Reward: If Box Office Ticket sales reach the magic number, BringTicket purchasers get their money back and go to the concert for free.
What happens after the goal is reached?
After the goal is reached we start selling Box Office Tickets just like any show does. If Box Office Ticket sales reach the magic number all BringTicket purchasers for the event go for free.
What happens if we reach the goal but no Box Office Tickets sell?
Then the fans who funded the show get an exclusive show and have already paid for their tickets.
How do you set the goal amount (How is the cost of the show determined)?
Bring the Gig negotiates and confirms pricing with artists, venues, security, event staff, lighting, sound, insurance and everything else needed to produce a show. We total all these expenses and use that total as the goal amount.
Yeah, this part cannot possibly fly. They can't do that and still get any venues to sign on. Taking the risk of putting on the show for free exactly reduces the problem to that of booking an unknown band with an unknown draw: in other words it obviates the need for schemes like BringTheTicket. The only way this can work is for the sales goal to be that the non-refundable sales exceed the costs, ignoring the refunds.
The goal of services like this is to convince the venue that the show will do well. If you are an established act with history in town, you don't have to do that, the numbers already tell the story. A service like this is for bands that the venues know nothing about: it's a way to eliminate risk. But instead they've just gone and put the risk back in.
Without eliminating that risk, you might as well just be using one of the many gig-matchmaking services like SonicBids who take a cut off the top.
Why don't you accept pledges instead of charging at the time of check-out?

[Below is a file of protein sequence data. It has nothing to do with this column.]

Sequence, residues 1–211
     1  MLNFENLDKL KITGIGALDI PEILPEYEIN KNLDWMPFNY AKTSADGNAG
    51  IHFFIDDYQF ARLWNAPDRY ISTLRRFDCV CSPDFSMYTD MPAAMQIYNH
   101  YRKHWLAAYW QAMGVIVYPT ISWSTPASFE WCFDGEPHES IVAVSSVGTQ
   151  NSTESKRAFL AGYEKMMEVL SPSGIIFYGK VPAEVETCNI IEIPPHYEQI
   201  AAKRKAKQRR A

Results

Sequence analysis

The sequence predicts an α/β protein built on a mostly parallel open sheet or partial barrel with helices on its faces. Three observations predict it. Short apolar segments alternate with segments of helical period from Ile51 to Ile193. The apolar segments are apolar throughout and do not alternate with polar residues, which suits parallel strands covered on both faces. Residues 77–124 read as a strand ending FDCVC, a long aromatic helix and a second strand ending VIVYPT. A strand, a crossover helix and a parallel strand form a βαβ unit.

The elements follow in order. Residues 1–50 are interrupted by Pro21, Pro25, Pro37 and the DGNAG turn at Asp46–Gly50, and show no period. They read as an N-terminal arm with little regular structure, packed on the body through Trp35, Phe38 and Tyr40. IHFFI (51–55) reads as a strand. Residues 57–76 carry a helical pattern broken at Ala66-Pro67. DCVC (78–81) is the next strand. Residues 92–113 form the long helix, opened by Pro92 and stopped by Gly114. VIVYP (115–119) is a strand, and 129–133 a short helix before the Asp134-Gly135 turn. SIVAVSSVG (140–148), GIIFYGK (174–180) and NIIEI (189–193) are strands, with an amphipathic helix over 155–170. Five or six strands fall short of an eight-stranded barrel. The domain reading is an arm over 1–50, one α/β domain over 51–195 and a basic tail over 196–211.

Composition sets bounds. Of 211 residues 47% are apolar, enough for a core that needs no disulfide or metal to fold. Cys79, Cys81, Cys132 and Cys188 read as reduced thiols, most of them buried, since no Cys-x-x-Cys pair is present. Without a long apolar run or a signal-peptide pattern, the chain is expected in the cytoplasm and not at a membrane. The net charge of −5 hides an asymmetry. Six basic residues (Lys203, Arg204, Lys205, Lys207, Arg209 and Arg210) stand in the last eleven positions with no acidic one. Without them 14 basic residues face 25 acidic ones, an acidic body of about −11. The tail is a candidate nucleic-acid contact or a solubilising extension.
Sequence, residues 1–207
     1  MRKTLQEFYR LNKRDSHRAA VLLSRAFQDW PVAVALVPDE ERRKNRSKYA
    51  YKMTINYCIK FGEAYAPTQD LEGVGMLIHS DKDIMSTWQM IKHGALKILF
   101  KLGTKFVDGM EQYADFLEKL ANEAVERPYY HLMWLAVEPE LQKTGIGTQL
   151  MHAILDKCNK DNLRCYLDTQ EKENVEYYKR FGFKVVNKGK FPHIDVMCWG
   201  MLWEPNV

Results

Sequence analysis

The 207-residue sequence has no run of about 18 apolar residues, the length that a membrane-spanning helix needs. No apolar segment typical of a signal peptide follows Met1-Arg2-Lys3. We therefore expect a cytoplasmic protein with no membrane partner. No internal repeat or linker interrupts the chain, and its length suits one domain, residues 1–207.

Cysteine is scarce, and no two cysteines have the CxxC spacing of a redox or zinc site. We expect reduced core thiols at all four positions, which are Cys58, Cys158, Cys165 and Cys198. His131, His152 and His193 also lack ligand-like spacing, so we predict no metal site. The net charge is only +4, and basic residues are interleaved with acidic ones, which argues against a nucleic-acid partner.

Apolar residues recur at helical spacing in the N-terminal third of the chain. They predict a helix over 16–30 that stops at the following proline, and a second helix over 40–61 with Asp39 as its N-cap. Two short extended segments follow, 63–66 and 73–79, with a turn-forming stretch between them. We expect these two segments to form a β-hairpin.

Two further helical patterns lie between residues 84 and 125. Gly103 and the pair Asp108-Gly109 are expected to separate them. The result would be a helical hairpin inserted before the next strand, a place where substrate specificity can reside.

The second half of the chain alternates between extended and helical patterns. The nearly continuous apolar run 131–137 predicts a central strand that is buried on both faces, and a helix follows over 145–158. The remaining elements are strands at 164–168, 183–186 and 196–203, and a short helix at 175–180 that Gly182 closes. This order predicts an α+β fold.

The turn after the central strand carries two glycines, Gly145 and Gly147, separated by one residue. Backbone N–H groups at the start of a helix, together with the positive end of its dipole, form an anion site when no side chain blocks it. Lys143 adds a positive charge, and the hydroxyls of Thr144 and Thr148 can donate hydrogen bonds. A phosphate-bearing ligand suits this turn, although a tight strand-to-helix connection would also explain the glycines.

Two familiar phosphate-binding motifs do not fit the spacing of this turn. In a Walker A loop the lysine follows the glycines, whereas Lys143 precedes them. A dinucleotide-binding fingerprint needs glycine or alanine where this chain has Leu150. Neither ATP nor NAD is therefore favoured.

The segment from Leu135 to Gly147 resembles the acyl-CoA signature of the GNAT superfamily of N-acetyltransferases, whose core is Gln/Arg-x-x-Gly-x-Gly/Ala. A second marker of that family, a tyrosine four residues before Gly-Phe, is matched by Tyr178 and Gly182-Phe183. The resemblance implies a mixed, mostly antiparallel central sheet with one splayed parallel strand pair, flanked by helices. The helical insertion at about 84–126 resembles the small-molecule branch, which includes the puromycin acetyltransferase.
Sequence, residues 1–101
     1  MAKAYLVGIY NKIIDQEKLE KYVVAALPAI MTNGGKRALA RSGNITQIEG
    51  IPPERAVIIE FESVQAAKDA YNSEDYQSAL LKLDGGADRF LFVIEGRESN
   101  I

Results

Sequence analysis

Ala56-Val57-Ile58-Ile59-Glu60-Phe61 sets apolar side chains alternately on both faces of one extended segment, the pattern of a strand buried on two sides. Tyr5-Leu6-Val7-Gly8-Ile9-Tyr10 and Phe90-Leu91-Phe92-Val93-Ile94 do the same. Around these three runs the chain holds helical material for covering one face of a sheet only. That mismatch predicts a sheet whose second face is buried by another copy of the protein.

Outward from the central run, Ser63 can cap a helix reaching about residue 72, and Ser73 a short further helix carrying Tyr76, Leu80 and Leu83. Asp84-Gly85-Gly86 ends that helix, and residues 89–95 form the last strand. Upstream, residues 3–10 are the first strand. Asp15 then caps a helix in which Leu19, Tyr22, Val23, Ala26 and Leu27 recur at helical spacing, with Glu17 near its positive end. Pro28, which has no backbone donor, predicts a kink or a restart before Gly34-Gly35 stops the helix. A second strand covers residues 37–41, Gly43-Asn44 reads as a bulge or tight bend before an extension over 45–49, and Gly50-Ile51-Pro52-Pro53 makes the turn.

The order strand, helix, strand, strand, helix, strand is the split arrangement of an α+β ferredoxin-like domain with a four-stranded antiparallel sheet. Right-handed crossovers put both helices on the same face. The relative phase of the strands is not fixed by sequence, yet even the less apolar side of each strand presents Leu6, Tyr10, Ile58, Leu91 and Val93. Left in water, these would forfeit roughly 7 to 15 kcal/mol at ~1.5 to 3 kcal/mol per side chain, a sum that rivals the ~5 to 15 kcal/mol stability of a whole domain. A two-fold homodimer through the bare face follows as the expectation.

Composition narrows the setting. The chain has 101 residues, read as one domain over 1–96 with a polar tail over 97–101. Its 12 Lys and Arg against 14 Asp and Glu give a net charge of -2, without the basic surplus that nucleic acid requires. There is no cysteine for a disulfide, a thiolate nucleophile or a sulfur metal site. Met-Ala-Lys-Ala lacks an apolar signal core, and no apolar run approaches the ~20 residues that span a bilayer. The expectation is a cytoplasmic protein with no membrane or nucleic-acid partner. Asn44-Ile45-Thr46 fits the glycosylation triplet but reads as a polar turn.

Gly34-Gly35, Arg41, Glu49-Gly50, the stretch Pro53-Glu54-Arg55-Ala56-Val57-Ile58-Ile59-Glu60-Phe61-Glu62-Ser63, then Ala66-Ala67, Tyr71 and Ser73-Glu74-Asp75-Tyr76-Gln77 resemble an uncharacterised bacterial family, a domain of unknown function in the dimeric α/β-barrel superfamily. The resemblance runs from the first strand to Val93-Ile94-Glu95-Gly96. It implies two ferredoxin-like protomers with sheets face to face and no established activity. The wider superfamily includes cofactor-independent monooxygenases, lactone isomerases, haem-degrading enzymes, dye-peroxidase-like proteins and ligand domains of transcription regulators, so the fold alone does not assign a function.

Because pledges are not guaranteed funds, pledges increase the risk for everyone involved, including the fans buying tickets. Also, by offering the potential reward of attending a show for free it opens up too many potential loopholes for abuse.
I think what they just said here is, "Obviously Kickstarter has been a mammoth failure, so we don't want to follow them into the grave." Oh wait, I got that wrong, actually what it says is, "We can't figure out how to do that so we're gonna just lie about it."
Why do my pages in the "Notes" app keep duplicating themselves? It seems like I get a duplicate page every time I edit one of them, but it's a Heisenbug because I can't make it happen at will. If I edit a note on my iPhone, wait a few minutes, edit it again on my iPad, and repeat, it does the right thing. And yet, it seems like every time I edit a note then put my device away, the next day I've got two of them (the pre-edit version and the new one). WTF?
Also, is there still no way for me to get push notifications of new email on my iPhone? My mail lives on an SSL IMAP server under my own control, as is right and proper. I am unwilling to CC all of my email to Apple, Google or any other third party. And yet, I would like to get a notification when new mail arrives, instead of having to manually poll. Am I still out of luck?